Step 3: investigating relationships between stakeholders
Developing the stakeholder network analysis (Fig. 5) evoked vivid discussions among the participants of each round table, with most discussions taking place at the table of Kazakhstan having the highest number of participants (around 10). In contrast, the three participants from Uzbekistan easily agreed on a clear structure. The networks shown are not meant to be representative or complete but show the perception of the participating stakeholders and local scientists regarding their current interaction in each country. Therefore, it is clear that the networks are conditioned by the participants of each table. For instance, the network for Kazakhstan is much more detailed than the others, as it contains all stakeholders that were present at workshop I. The networks for Kyrgyzstan and Uzbekistan contain the participants of the round table and the most important other ones not present.
Identified benefits for local scientists to be involved in the project are better data availability (e.g. remote sensing maps) as a basis for their own research and education, training and learning of new methods. Benefits for the population would be: conservation of traditional knowledge, identification of ecosystem services of riparian forests, improvement of their quality of life if the forests are preserved, improvement of pastures, improved environmental education, social protection of the population, adaptation to climate change. Benefits for administration are regional and international cooperation, preservation of forests and extension of the forest area in the long term, management strategy, methodological learning for forestry experts, recommendation for guidelines, and inventory of the state of riparian forests. Benefits for non-governmental organizations include additional work with local population, management strategy on the local scale, collection of data and monitoring, practical pilot projects, regional cooperation on the local scale.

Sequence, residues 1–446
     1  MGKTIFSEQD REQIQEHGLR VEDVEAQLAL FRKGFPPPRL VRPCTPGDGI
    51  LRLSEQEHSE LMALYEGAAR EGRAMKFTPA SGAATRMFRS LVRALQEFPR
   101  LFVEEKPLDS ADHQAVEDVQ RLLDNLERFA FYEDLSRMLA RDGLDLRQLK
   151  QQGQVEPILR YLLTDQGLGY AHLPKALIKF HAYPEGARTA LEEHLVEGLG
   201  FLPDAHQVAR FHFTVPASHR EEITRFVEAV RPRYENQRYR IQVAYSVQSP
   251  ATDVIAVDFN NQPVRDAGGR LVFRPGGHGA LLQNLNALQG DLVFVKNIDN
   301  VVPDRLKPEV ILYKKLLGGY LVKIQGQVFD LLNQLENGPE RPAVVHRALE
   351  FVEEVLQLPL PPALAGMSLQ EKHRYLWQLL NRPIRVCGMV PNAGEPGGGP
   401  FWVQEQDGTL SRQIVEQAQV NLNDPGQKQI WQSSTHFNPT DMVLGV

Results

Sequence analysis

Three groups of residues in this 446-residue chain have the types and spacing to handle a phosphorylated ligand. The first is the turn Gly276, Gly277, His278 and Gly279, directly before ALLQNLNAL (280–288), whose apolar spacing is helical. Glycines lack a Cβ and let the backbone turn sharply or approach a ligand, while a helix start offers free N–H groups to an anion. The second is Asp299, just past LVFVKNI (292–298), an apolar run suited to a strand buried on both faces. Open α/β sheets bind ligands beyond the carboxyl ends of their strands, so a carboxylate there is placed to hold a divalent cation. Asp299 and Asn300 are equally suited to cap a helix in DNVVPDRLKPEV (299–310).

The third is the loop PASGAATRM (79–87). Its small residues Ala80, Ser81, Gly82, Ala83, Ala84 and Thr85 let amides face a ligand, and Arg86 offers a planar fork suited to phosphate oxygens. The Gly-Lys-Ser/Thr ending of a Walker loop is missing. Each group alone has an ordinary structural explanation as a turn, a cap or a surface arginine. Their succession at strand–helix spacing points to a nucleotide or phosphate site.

Plan specific research and dissemination activities for the main project phase
The work on the co-design of the TDR concept resulted in the document proposal for the project main phase which was submitted to the German funding agency 9 months after funding started for the pre-phase.
We evaluated the effectiveness of Phase A of the ForeCeA project, focusing on suitability of the applied methods. For this, we constructed an evaluation framework based on suggestions for framework main features, aspects and criteria found in the literature (Carew and Wickson 2010, Bergmann et al. 2005, Walter et al. 2007, Frank 2015, Siew et al. 2016) as shown in Sect. 4.2. For evaluation, a questionnaire was filled out by 31 participants of workshop I (8 project partners, 7 stakeholders, 12 (day 1) and 15 (day 2) local scientists) and 17 of workshop II (9 project partners, 3 stakeholders, 4 local scientists).